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Churchill, Truman and Stalin at Potsdam

Churchill, Truman and Stalin at Potsdam
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Yevgeny Khaldei, 1917 - 1997
Harry S Truman, 8 May 1884 - 26 Dec 1972
Joseph Stalin, 21 Dec 1879 - Mar 1953
Sir Winston Leonard Spencer Churchill, 30 Nov 1874 - 24 Jan 1965
Gelatin silver print
Image: 19.9 x 28.7cm (7 13/16 x 11 5/16")
Sheet: 23.8 x 30.5cm (9 3/8 x 12")
Mat: 40.6 x 55.9cm (16 x 22")
Credit Line
National Portrait Gallery, Smithsonian Institution
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© Yevgeny Khaldei
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Exhibition Label
On succeeding to the presidency after the death of Franklin Roosevelt, Harry Truman was conscious of how unprepared he was, saying that he felt “like the moon and stars had fallen on him”; even as vice president he had not known about the development of an atomic bomb. Nonetheless, he was determined in his first foray into international relations to hold his own against Churchill and Stalin. The war in Europe had ended in May, and the Big Three met at Potsdam (outside Berlin) in July to discuss the ongoing war in the Pacific and postwar diplomacy in light of the agreements reached at Yalta the previous February. Truman dropped a broad hint that the U.S. had a powerful new weapon.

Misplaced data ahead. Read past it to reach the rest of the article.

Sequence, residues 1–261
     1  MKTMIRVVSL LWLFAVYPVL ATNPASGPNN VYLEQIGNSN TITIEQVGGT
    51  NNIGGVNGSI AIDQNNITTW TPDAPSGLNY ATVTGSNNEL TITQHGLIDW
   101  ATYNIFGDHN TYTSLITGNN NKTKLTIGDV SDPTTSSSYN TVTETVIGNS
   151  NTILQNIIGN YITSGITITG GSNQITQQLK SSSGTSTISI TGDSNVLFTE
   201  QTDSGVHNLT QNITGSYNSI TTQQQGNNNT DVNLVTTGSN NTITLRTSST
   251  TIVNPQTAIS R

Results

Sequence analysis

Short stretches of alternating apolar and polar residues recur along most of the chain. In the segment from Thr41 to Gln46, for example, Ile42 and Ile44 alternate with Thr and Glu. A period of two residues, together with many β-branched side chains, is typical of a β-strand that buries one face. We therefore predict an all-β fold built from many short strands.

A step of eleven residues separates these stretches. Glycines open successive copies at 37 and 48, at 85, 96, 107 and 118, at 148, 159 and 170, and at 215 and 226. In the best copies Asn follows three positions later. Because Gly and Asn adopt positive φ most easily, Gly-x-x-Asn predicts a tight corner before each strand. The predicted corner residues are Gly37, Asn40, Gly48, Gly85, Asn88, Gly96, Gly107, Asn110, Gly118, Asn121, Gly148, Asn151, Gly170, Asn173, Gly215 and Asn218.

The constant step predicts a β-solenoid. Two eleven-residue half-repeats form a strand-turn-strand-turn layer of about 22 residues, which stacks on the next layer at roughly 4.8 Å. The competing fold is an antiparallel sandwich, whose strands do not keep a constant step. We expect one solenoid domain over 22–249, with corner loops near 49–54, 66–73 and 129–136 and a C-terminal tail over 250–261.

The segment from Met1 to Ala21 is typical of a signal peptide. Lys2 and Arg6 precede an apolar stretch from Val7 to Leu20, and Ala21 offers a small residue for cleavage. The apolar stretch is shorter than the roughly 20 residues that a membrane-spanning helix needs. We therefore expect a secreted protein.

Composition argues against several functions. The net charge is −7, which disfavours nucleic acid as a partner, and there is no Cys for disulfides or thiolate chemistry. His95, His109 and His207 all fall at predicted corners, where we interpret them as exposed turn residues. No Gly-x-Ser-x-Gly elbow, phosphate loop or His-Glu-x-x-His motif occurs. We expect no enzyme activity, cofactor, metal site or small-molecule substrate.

The conference occurred during Britain’s first postwar election. So the British delegation was led first by Churchill and then by Clement Atlee, who took over when the Labour Party swept into power.
Data Source
National Portrait Gallery
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